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Visual Merchandising

June 14, 2012

Today’s retailers are not only becoming more skilled at attracting consumer attention using visual merchandising techniques, they are also changing their displays at a faster pace than ever before and spending a great deal more money on their creation. For example, in early 2007 The Gap implemented a new merchandising schedule that sees their windows being completely redone every 3 weeks (instead of 6) and the entire store’s visual merchandising overhauled every 6 weeks. It is estimated that Macy’s department store (NYC) now spends up to $1,500 per window per week, and Bloomingdale’s about $500 to $1,000 per window per week.

The cost benefit analysis of increased spending in these areas clearly indicates that it pays off in greater traffic and higher sales. Visual merchandising is often called window dressing, but it is much more than just dressing the window; it’s all about emphasizing the importance of a product launch, a seasonal trend, a new service or a promotion. It starts at the window and gets re-interpreted throughout the salon, in the changing room, in the washrooms, at the backwash area, in the cutting and color area and of course at reception and retail.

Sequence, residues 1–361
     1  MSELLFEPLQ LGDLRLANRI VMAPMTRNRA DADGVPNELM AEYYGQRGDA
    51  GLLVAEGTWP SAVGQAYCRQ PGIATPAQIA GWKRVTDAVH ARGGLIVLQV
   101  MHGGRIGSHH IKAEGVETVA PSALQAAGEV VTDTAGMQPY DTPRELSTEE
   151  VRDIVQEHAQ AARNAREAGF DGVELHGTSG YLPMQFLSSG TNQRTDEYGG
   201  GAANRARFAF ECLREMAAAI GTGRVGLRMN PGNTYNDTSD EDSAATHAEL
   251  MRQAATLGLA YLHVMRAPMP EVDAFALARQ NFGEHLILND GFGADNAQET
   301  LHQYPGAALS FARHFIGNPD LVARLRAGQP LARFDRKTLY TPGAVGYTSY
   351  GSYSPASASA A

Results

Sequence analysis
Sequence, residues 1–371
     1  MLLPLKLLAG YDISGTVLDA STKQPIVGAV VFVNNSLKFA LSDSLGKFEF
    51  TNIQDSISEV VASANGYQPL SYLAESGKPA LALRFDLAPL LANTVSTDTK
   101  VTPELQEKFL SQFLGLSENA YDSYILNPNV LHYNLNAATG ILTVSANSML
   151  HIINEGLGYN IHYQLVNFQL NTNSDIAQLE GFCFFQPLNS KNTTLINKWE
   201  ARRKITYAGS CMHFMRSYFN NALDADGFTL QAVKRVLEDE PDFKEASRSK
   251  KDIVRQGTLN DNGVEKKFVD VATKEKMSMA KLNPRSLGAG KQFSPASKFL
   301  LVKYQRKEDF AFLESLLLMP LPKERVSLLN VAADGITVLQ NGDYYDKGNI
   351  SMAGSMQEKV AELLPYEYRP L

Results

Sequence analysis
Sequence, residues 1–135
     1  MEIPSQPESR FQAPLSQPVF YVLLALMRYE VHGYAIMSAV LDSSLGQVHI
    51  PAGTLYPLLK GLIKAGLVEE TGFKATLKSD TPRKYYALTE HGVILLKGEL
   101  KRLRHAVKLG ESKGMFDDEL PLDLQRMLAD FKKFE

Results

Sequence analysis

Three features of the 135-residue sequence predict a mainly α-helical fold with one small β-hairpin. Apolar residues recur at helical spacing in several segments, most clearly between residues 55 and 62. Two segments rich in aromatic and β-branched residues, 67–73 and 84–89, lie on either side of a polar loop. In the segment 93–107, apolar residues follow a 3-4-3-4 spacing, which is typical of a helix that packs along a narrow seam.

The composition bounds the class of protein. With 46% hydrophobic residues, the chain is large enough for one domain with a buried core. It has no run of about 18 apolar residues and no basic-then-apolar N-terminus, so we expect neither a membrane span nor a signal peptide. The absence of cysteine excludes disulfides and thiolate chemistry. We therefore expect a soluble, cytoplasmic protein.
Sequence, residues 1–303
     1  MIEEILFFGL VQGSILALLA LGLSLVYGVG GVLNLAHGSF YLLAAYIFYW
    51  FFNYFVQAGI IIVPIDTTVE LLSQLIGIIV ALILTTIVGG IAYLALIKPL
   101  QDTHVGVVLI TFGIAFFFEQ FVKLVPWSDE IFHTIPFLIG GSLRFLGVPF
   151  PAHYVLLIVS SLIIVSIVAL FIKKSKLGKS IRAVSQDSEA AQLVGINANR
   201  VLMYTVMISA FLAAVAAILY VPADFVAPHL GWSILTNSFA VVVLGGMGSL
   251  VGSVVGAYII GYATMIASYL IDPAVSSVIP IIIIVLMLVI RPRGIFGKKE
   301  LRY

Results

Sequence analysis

Determining the best method and place to “stage” your retail products and feature your promotions takes planning and a great deal of skill if you are to see a dramatic increase in your overall sales. Aspects to remember are location, retail, digital signage, color, and simplicity.

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